19. Clark's Corvair is still around and is a wonderful place to buy parts. It's always my first stop and they rarely disappoint. I've also bought from California Corvairs, which has also been good. Parts availability is a lot better for my Corvair than it is for my Buicks or my Dart, so if you want a Corvair, don't let parts availability keep you away. Do your research, however, because Corvair values are pretty low, so buying a nicer car upfront is usually the best decision. When I bought mine 10 years ago, I did not buy a very good one and it's like driving a submarine I'm so underwater in it. I've learned a lot about Corvairs and had a good time, so I'm not too upset. It's a good thing I do most of my own work.
  20. To follow up this thread, I got everything back together again and it's working normally so far. I hooked up my wideband and rejetted the spare junkyard Stromberg I had in my attic, so we'll see how it goes...thanks to all who offered feedback and insight!
  21. All great looking cars (regardless of price!)...but more evidence that driving an old cars needn't be expensive, especially if you have a green thumb for mechanical bits.
  22. I went out and gave it a high pressure wash down at the spray wash (to break loose anything that might be floating around in there) and then I came home and gave it a quickie paint job. Finally, I put a little JB Weld on those pits. I built up the ring area a little but not TOO much because there's no way I'll get that centered in the port like the others, and then it might hang up on the ring when I'm putting everything back together. It's getting there!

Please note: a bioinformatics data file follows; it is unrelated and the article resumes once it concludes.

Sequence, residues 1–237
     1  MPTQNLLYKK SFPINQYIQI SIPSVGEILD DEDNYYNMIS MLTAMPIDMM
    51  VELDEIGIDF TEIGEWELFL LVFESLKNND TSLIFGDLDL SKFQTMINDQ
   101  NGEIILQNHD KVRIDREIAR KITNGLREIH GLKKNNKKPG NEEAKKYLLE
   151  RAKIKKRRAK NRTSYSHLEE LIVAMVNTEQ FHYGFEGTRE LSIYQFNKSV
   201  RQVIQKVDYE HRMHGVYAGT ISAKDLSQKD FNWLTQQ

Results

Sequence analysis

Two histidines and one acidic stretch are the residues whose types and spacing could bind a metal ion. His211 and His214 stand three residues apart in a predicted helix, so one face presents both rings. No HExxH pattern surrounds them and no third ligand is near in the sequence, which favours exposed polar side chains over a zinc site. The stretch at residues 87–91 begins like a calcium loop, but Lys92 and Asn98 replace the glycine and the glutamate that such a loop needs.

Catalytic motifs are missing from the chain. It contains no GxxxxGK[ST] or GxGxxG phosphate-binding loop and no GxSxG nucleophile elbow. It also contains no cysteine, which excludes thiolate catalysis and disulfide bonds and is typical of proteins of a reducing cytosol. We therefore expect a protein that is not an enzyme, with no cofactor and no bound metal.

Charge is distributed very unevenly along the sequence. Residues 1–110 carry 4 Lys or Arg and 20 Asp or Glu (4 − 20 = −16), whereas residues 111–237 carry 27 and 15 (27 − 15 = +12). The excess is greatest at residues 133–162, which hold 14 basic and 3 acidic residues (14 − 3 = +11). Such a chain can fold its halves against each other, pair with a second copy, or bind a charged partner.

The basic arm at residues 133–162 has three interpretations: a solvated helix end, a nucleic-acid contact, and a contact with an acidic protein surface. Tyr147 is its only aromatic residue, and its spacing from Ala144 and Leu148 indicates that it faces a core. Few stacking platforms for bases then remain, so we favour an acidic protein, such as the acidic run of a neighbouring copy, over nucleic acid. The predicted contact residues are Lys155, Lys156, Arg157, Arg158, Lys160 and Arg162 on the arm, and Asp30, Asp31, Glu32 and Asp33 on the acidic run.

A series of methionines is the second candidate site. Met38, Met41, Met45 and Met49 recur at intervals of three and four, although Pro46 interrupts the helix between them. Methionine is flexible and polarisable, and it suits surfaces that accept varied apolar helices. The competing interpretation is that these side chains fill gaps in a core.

23. This is certainly not the optimal situation for an intake manifold, but I think it'll work, and it's what I have... I think the JB Weld will hold, and it's on the bottom of the runner, so a little black paint will render it not too noticeable. Obviously, you can see the difference between the bad runner and a good one. The sealing ring won't fit tightly, but they only locate the runner anyway. I'll use a thin film of orange RTV around the flange and where the sealing ring used to seat. The runner's lumpy and bumpy, but I don't think these were really designed for maximum flow anyway. The hard part was making sure it was clean enough inside so the engine doesn't ingest any rust particles. We'll see if it works... I'm not thrilled, but sometimes you do what you have to do.
  24. Here's where I am on this project: I got my new exhaust manifold (credit card still smoking)...unfortunately, my current intake manifold has been milled so much that the bosses where the retaining washers ride are not level between the intake and exhaust. My spare intake manifold has a runner that sat with water in it and must have frozen, so it has a big crack in the runner for cylinders 3 and 4. That's less of a problem that the cavernous rust that was inside that runner. To get it clean, I had to remove quite a bit of material, so now that runner is about 1/8" wider than the rest. So my choices are really two: 1. get the crack welded on the damaged manifold (or JB weld it...it's only through in one place) and hope my mixture distribution isn't too messed up by the larger runner or 2. find an unmilled used intake manifold. Anyone have a 4 bolt unmilled manifold lying around? Ben, I know you said you might have one, so if you could check it out, I'd appreciate it. If anybody has a third option that doesn't involve milling the new exhaust manifold down to the old intake, I'm all ears (which is a metaphor, of course).
  25. The style of switch depended on the carburetor. For example, my '53 could have come with either a Carter or a Stromberg, and they both used different switches.